Shipt founder’s latest venture eases apartment rental anxiety



When Bill Smith moved to San Francisco in 2016 to work on his grocery delivery startup, the most boring part was finding an apartment.

Examining rental listings in an unfamiliar city, calling the gas company, waiting for an Internet connection – the entrepreneur had little patience for all of this. So after Smith sold his company, Shipt, to Target in 2017 for $ 550 million, he decided to use some of that money to do something to fix the apartment problem.

In June, using $ 15 million of his own money, the 34-year-old launched Landing, a member-based business that offers short-term furnished rentals in some of the country’s most expensive cities. He rents apartments from owners, including Related Cos. and AvalonBay Communities Inc., fills homes with furniture and dishes, connects cable and Internet, and rents them at a premium for as little as 30 days.

“The location needs to change,” Smith said. “The whole point of leasing is having the freedom and flexibility, and like today, you don’t have flexibility because you’re locked into a lease. You have to move all this furniture and do all this work and you just want to focus on your work and your friends and live your life.

More flexibility

Smith’s business joins a growing wave of challenges to traditional rental principles – a movement that questions why renting an apartment requires significant upfront costs and a commitment to stay for a year. Cohabitation units, where tenants share furnished common spaces, are on the increase, as are cheaper alternatives to paying a full month’s rent deposit. There are even apartment buildings where landlords explicitly allow tenants to sublet their homes through Airbnb for half the year.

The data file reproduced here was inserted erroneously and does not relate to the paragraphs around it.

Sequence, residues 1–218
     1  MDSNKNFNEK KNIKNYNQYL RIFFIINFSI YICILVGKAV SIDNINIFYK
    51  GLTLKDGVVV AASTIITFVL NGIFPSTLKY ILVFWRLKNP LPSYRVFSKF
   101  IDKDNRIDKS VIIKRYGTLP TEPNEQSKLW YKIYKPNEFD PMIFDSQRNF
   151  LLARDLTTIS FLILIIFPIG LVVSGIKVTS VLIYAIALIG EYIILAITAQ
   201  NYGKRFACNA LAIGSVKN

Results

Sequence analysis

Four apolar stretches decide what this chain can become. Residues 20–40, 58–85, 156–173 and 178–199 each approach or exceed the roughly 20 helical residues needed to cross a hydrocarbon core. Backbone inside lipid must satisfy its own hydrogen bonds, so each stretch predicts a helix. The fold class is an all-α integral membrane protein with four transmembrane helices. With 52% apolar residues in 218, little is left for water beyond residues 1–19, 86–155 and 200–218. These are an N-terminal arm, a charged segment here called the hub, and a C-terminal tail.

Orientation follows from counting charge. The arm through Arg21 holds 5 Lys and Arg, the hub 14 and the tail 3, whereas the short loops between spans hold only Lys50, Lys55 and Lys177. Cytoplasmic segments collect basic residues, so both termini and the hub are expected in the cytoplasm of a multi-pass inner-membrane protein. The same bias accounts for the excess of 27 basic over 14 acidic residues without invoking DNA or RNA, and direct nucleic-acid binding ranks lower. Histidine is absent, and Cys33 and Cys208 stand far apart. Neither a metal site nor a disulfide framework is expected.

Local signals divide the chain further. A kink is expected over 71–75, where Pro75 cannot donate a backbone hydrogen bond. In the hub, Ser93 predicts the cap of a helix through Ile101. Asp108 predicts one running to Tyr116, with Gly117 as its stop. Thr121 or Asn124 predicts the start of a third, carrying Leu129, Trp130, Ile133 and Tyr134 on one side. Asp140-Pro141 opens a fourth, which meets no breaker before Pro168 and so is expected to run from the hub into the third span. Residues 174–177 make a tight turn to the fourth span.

Shipt founder Bill Smith started his latest business, Landing. (Michael Tomberlin / Alabama NewsCenter)

“You sign a 12-month lease and you get an empty apartment – it’s our forever business model,” said Rick Haughey, vice president of industrial technology at the National Multifamily Housing Council, a homeowners’ advocacy group based. in Washington. “Offering more flexibility than this traditional model is likely to prevail in the future. It is the potential disruptor to our industry. “

Smith signed leases and furnished around 200 apartments in six cities, including San Francisco, New York, Nashville and his hometown of Birmingham. Renters pay Landing an annual membership fee of $ 199, which allows them to sublet any of these apartments for a monthly rental cost of about 10-13% higher than if they were renting accommodation directly from the owner, he said. They can stay indefinitely on a monthly basis.

Landing has around 150 paying members, most of whom have signed leases of six months or more. The move requires three days notice. With a normal lease, the notice to move is usually 30 to 90 days.

Unlike corporate housing, where businesses are the clients, Landing deals with individuals, who might seek the flexibility to relocate for personal reasons and whose jobs may be transferable. Sometimes that move is done in the same city, to a more suitable neighborhood, he said.

Available units in New York City include a 670-square-foot one-bedroom apartment at AVA High Line in AvalonBay, priced at $ 4,785 per month plus $ 259 in utilities, according to the Landing website. Renting an empty room in the same building directly to AvalonBay on Dec. 1 would cost $ 4,447 per month, plus a refundable deposit of $ 2,000 for a 12-month lease, the owner’s website says.

Landing is offering sublets in several related buildings, including One Hudson Yards, where the company is looking for a monthly rent of $ 6,437, plus utilities.

For Related, Landing is a tenant like any other, with a standard, advertised price lease subject to the same rules as everyone else who lives there, said Related spokesperson Kathleen Corless. With a vacancy rate of 2% in Manhattan, Related is not looking for these arrangements, but other companies similar to Landing have leased and sublet units in the company’s buildings, she said.

As a tenant, Landing handles all interactions with the landlord, offers concierge services, and has a team of contract employees who agree to be the buffer for boring tasks like waiting for a plumber.

“We are focusing on more mobile professionals and people looking for freedom, flexibility and great experiences, but they don’t want to be tied together,” he said.

(Contact the reporter at [email protected].)



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